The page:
In Europe, the UK, Germany and The Netherlands moved once again mostly in tandem. Fluctuations in price this month were profound and erratic – immediately following October’s losses, prices rose sharply from the beginning of November, exhibiting some volatility as they did so. Continental Europe remains costlier than the UK in terms of grey and blue hydrogen, though margins narrowed considerably. In terms of green hydrogen, meanwhile, the UK is still the more expensive choice – Germany is now considerably cheaper, and the Netherlands cheaper still.
EUA prices rose steadily throughout November, reaching 75 EUR per tonne. Blue hydrogen looks like the more attractive option for natural-gas-derived hydrogen in Europe.
In contrast with the extreme volatility exhibited by Continental European markets, prices in the United States remained relatively stable, with some limited movement. Despite considerable fluctuation during the course of the month, the end of November saw the price of grey hydrogen in Texas little changed, though the beginnings of a drop were evident in the month’s closing days. Regarding green hydrogen, there was a similar pattern of a little fluctuation with only a very slight downward movement, although there was no evidence of the beginnings of the steeper drop seen with grey hydrogen.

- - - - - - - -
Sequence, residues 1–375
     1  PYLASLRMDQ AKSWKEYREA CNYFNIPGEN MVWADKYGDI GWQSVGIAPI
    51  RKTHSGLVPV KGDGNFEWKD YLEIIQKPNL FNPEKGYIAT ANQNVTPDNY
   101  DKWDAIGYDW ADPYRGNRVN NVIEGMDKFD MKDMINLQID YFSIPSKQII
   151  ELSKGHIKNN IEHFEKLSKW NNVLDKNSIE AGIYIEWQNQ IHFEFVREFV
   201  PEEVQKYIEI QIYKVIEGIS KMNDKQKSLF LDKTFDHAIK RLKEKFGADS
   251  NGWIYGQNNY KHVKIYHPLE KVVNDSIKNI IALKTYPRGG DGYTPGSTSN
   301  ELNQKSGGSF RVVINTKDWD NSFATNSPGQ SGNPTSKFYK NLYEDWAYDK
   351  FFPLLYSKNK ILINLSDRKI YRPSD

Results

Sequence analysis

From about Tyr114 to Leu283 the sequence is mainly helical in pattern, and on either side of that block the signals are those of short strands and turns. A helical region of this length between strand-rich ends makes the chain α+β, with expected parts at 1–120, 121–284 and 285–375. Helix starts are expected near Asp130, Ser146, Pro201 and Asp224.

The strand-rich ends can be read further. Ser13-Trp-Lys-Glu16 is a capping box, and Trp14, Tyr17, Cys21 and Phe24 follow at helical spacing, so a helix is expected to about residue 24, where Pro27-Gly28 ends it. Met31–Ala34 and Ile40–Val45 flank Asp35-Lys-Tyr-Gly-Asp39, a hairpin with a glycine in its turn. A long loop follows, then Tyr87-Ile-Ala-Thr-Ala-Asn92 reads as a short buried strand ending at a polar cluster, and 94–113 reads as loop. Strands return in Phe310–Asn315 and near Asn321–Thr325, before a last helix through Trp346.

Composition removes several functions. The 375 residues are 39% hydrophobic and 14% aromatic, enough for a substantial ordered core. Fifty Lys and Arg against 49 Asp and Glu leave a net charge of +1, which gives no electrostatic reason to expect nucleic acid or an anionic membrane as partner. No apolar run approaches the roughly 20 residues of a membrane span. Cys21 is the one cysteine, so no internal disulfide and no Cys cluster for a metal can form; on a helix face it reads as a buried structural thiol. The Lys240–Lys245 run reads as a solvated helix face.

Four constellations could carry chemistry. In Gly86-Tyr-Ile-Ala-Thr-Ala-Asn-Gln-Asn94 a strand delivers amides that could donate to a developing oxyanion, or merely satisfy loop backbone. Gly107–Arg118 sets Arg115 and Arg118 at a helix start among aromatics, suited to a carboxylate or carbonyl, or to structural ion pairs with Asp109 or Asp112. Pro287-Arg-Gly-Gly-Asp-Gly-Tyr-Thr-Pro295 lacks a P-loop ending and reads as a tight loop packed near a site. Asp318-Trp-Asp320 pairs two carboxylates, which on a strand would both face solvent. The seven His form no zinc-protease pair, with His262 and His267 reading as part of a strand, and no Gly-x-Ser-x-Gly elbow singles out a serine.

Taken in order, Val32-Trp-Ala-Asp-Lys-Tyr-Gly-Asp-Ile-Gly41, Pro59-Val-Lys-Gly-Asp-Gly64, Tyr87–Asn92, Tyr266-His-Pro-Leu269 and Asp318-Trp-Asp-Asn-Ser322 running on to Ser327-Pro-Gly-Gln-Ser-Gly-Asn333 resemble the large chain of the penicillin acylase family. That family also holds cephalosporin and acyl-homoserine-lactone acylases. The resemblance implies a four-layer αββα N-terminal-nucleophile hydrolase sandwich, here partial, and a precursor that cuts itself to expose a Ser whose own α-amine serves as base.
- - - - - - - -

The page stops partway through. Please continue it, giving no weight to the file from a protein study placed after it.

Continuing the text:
In California, the price of green hydrogen experienced a noticeable fall as the month progressed, showing a very limited recovery mid-month before dropping off once again towards the end.
In Alberta, prices dropped very slightly initially before exhibiting a modest but steady rise, ending the month at roughly the same level at which they began.
Globally, the continually changing price differentials between cost benchmarks emphasises the importance of keeping a close eye on hydrogen production cost movements.
Cost assessment figures have been redacted.
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Information correct at time of writing.